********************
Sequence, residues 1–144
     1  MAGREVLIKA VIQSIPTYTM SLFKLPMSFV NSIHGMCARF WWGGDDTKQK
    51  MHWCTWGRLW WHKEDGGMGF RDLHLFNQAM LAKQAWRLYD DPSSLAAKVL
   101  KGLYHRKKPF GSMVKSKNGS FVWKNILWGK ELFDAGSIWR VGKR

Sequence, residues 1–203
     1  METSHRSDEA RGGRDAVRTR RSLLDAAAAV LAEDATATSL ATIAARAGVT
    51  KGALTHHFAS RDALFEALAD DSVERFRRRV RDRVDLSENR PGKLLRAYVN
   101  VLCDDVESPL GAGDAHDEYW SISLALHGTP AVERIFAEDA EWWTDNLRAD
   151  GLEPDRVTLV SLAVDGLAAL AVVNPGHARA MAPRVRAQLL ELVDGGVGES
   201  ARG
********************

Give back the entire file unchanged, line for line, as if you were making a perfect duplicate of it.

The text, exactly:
Sequence, residues 1–144
     1  MAGREVLIKA VIQSIPTYTM SLFKLPMSFV NSIHGMCARF WWGGDDTKQK
    51  MHWCTWGRLW WHKEDGGMGF RDLHLFNQAM LAKQAWRLYD DPSSLAAKVL
   101  KGLYHRKKPF GSMVKSKNGS FVWKNILWGK ELFDAGSIWR VGKR

Sequence, residues 1–203
     1  METSHRSDEA RGGRDAVRTR RSLLDAAAAV LAEDATATSL ATIAARAGVT
    51  KGALTHHFAS RDALFEALAD DSVERFRRRV RDRVDLSENR PGKLLRAYVN
   101  VLCDDVESPL GAGDAHDEYW SISLALHGTP AVERIFAEDA EWWTDNLRAD
   151  GLEPDRVTLV SLAVDGLAAL AVVNPGHARA MAPRVRAQLL ELVDGGVGES
   201  ARG